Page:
FSL DMA engine transfer to PCI memory

Scott Wood scottwood at freescale.com
Thu Jan 27 06:09:00 EST 2011

On Wed, 26 Jan 2011 10:18:01 +0000
David Laight <David.Laight at ACULAB.COM> wrote:

> > What was the ppc you used?
> The 8315E PowerQUIICC II

Ah.  The interconnect between the DMA engine and PCIe is different on

> > The DMA engine and PCIe are both on OCeaN, so the traffic 
> > does not need to pass through the e500 Coherency Module.
> > My understanding -- for what it's worth, coming from a
> > software person :-) -- is that you should
> > be able to get large transfer chunks using the DMA engine.
> It might be possible - but the ppc's pcie would need to know
> the length of the dma (or at least be told that there was more
> data to arrive) before even starting the pcie transfer.

On 85xx/QorIQ, I believe the connection between the DMA engine and the
PCIe controller allows the data to arrive in suitably large chunks.

> > I suggest getting things working, and then seeing whether the
> > performance is acceptable.
> The only reason for using dma (instead of pio) is to get
> long pcie transfers - otherwise it isn't really worth the
> effort. Transfers are unlikely to take long enough to make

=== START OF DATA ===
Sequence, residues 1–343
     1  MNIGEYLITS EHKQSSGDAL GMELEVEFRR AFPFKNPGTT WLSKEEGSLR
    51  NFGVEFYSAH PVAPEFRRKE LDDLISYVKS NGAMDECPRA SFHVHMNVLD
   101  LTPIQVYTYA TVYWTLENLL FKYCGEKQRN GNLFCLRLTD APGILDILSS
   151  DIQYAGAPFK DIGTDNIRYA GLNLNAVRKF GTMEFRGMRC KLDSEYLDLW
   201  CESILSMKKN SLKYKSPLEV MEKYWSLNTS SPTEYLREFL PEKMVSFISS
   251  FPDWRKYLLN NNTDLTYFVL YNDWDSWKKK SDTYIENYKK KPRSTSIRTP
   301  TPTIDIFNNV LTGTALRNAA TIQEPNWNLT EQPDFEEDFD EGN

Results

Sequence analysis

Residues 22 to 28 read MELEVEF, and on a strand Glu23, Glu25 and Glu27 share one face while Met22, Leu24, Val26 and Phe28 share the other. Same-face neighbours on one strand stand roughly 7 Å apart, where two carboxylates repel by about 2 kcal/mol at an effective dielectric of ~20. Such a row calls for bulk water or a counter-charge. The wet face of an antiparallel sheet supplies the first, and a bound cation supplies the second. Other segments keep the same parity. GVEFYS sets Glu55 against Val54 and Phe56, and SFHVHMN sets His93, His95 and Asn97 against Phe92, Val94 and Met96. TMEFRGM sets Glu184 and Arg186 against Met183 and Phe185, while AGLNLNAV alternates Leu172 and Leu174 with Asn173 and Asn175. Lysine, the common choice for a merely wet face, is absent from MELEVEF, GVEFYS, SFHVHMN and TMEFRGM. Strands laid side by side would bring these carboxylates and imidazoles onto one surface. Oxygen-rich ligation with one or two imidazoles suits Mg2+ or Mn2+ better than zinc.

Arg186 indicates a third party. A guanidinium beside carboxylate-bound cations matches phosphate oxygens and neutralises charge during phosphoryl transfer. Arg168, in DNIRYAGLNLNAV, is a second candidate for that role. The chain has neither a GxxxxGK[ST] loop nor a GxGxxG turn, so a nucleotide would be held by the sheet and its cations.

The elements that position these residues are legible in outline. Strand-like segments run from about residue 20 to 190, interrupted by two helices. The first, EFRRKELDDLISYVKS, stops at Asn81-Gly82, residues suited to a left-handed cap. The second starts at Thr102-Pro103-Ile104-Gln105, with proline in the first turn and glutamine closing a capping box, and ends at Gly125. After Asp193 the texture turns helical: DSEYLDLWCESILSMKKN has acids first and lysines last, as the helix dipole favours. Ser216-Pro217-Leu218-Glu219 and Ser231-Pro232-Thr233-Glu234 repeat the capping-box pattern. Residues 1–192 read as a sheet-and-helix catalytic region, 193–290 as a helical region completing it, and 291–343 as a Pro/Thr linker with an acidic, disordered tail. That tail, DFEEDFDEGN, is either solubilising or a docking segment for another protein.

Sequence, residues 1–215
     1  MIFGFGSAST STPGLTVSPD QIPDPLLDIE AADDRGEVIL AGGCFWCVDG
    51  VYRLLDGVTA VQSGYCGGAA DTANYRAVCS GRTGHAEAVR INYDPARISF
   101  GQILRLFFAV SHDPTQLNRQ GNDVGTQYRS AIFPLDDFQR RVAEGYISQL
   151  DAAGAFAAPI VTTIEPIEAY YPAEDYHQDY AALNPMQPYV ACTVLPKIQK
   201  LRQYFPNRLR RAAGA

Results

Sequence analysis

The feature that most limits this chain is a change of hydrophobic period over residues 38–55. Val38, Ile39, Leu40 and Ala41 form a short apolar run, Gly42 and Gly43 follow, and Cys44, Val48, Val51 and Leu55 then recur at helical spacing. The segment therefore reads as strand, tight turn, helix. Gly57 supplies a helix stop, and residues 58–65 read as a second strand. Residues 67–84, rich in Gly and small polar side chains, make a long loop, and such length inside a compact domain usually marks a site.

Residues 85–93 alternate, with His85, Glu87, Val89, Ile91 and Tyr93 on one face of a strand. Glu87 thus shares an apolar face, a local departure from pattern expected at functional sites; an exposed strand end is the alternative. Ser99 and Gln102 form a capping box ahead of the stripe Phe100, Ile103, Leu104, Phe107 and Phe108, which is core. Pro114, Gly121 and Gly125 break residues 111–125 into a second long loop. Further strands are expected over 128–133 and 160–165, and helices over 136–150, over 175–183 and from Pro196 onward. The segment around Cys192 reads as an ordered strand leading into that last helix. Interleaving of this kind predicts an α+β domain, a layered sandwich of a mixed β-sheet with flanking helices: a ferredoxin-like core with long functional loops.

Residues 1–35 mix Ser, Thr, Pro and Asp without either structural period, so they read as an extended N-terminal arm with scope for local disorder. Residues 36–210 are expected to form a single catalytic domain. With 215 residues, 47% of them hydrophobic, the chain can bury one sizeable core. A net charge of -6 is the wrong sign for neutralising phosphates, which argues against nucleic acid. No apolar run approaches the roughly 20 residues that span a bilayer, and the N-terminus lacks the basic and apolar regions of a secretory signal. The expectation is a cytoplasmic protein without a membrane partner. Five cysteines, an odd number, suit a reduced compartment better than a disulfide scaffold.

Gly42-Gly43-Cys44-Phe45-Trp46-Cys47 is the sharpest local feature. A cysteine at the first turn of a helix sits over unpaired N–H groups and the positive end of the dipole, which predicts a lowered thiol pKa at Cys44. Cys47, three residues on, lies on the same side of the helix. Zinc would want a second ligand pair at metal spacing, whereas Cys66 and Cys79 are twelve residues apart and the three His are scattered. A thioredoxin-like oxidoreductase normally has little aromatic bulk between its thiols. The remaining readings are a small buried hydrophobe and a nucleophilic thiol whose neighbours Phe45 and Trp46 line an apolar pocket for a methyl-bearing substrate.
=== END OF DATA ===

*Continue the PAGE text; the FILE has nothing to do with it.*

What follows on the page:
> it worth taking an interrupt at the end of the dma.

But in the absence of specific knowledge about this specific
chip, implementing it and testing is a good way of determining whether
you get those large PCIe transactions on this particular hardware.

And even if the transfers aren't particularly fast, if the total
transfer size (not the size of the chunks that go on the bus) is large
enough, it could be worth freeing up the core to do something else.  It
could also avoid running the data through the core's caches, or be a
transfer from one PCIe device to another, etc.  Don't be too quick to
say don't bother. :-)

> > > The generic dma controller can't even generate 64bit
> > > cycles into the ppc's PCIe engine.
> > 
> > Could you elaborate?
> The pcie is (apparantly) a 64bit interface, to a single 32bit
> transfer is actually a 64bit one with only 4 byte enables driven.

My understanding is that PCIe is an aggregation of one or more
serial links, over which packets are sent.  I'm not sure to what extent
it makes sense to call it a 64-bit interface, other than addressing.

> I couldn't see anything that would allow a CSB master to generate
> two 32bit cycles (since it is a 32bit bus) that the pcie hardware
> could convert into a single 64bit pcie transfer.

Again, that's an 83xx thing, 85xx/QorIQ is different.

Though from the 8315 manual it looks like the CSB can do 64-bit data
(but not addresses).


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